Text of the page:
Solo Concert, Michael Century

Solo Concert, Michael Century

Date posted: 2012-01-04 12:48:34

This concert will take place at the Troy Savings Bank and Music Hall at Noon on Tuesday, February 14, 2012.

 

 

 

Program of pieces to be performed:

Alban Berg            Sonata for Piano, Opus one

Michael Century   Twenty-One

Michael Century   Fogo Variations*

Terry Riley          Keyboard Study No. 1*

Frederic Rzewski  Winsboro Cotton Mill Blues

Guy Klucevsek     Accordion Misdemeanors*

*on accordion

Notes on the programme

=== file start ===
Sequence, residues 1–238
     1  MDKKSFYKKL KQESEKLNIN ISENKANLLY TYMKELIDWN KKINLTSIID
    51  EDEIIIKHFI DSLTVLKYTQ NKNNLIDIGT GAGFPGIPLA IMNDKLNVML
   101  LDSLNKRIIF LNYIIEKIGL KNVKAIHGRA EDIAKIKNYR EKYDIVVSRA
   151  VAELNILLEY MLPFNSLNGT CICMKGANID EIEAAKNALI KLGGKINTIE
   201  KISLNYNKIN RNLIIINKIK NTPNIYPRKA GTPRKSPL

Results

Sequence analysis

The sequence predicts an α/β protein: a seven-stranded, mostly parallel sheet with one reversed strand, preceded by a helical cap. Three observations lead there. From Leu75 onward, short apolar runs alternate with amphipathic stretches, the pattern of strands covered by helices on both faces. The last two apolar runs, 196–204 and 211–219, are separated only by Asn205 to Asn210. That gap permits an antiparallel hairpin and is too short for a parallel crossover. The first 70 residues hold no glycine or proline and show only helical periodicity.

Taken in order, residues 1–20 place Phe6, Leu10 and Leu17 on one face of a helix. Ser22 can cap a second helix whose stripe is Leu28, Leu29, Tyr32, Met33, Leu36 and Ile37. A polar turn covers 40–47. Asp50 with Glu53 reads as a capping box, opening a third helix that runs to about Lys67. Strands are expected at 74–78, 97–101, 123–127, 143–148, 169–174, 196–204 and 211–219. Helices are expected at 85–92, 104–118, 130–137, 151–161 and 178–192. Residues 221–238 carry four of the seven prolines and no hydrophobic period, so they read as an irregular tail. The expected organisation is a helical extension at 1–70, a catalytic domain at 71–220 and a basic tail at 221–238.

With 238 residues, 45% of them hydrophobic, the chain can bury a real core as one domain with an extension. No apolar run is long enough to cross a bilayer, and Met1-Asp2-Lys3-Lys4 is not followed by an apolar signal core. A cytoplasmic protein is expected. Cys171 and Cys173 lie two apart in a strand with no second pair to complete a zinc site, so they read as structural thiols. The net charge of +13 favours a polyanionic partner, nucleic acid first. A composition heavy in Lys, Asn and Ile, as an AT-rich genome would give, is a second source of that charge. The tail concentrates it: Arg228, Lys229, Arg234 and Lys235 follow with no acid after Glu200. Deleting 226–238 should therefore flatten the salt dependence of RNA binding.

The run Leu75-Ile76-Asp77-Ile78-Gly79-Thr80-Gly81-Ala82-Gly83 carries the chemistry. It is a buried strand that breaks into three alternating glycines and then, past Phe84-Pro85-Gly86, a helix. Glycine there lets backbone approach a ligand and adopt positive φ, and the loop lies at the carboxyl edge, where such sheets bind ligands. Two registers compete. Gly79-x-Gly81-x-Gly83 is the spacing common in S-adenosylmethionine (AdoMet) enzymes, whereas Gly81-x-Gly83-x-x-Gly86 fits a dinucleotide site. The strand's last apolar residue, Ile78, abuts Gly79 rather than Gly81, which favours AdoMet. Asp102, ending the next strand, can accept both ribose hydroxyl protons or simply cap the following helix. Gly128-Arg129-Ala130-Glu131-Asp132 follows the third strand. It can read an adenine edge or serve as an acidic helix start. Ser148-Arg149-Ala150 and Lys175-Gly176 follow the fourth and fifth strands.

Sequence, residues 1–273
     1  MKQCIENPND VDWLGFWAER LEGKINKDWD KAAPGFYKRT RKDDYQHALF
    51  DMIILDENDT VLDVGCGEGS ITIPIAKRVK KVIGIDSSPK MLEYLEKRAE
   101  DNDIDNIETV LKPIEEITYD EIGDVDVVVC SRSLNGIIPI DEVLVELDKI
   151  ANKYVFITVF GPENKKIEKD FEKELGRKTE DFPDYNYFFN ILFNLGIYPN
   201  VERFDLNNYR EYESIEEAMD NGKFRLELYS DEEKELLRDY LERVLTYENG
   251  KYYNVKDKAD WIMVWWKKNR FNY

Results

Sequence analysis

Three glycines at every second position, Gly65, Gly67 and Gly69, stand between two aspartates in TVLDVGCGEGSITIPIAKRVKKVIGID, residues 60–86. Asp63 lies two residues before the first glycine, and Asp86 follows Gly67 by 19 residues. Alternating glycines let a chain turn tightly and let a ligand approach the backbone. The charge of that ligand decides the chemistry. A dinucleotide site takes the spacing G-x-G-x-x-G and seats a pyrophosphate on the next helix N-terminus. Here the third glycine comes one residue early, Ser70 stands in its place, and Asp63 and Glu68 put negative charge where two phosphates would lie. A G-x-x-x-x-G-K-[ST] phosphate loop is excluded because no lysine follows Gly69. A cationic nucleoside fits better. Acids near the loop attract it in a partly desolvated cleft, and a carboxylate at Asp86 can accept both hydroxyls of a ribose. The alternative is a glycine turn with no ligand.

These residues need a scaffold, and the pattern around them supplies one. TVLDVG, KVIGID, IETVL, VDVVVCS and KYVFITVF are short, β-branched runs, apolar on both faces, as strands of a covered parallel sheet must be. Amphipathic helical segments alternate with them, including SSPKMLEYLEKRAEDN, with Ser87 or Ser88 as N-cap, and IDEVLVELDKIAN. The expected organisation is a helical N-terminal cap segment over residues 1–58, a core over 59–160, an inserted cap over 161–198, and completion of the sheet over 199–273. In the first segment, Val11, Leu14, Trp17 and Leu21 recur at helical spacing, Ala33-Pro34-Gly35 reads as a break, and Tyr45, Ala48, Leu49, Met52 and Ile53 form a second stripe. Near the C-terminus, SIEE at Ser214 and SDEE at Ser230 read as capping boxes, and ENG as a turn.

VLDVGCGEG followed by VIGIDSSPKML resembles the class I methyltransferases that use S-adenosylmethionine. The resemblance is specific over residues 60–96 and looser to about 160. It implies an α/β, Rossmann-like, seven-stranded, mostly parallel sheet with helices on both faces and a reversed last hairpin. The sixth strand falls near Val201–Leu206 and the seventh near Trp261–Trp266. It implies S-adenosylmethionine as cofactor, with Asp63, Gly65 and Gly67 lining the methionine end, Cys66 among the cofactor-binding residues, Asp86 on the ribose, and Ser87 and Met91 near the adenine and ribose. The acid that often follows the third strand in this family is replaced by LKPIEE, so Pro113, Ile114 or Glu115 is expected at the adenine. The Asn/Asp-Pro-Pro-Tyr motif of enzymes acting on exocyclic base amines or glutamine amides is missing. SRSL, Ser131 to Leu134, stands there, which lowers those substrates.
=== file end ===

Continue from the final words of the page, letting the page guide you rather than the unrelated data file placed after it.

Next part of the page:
This afternoon's concert offers a broad scope in terms of style and sound -- from hyper-romanticism to minimalism, from extended piano techniques to raunchy accordion backbeats.  Alban Berg's Sonata for Piano, Opus One, a notable first composition (called his best piece by no less than Glenn Gould), is a one-movement flowering of chromatic expressionism.  Rigorously structured in the textbook sonata form, the piece nonetheless conveys a searing emotion and passion.  It was written in the early years of the young Berg's apprenticeship with Arnold Schoenberg, and conveys his close attention to the older composer's explorations of free atonality.   In Winnsboro Cotton Mill Blues, iconoclastic American composer Frederic Rzewski skillfully conveys a social message through its setting of the traditional blues song about a cotton mill in Winnsboro, South Carolina.  Opening with the expressive indication "machine like, expressionless", the piece reaches a crashing climax of factory-smashing piano clusters, followed by a beautiful, richly harmonized blues, and the recapitulation of the familiar folk song.  Switching to accordion, the Fogo Variations is another setting of a traditional folk song, this time a yearning love ballad from the fishing outports of Newfoundland.  Terry Riley's minimalist Keyboard Study No. 1 was composed around the same time as his seminal In C, and appeared on the program of the latter work's premiere concert produced by the San Francisco Tape Music Center in November 1964.  Both works grow out of Riley's experimentation with electronic tape delays.  This performance on accordion permits a separation of hands on the two keyboards and is enhanced by the resonance and sustaining power of that instrument.   Returning to piano, Twenty-One is a structured improvisation based on a rhythmic theme - 21 beats combined in polyrhythmic groupings of 7 and 3 beats.  The concert closes with Guy Klucevsek's Accordion Misdemeanors, commissioned as a witty soundtrack to the Annie Proulx novel, Accordion Crimes.  It is a suite of short 9 folk-inspired pieces, taking the listener on a journey across America tracking the spread of the accordion to various communities - for instance, a Sicilian tarantella of New Orleans, a polka from the Mid-west, and a Basque dance in Montana.

 

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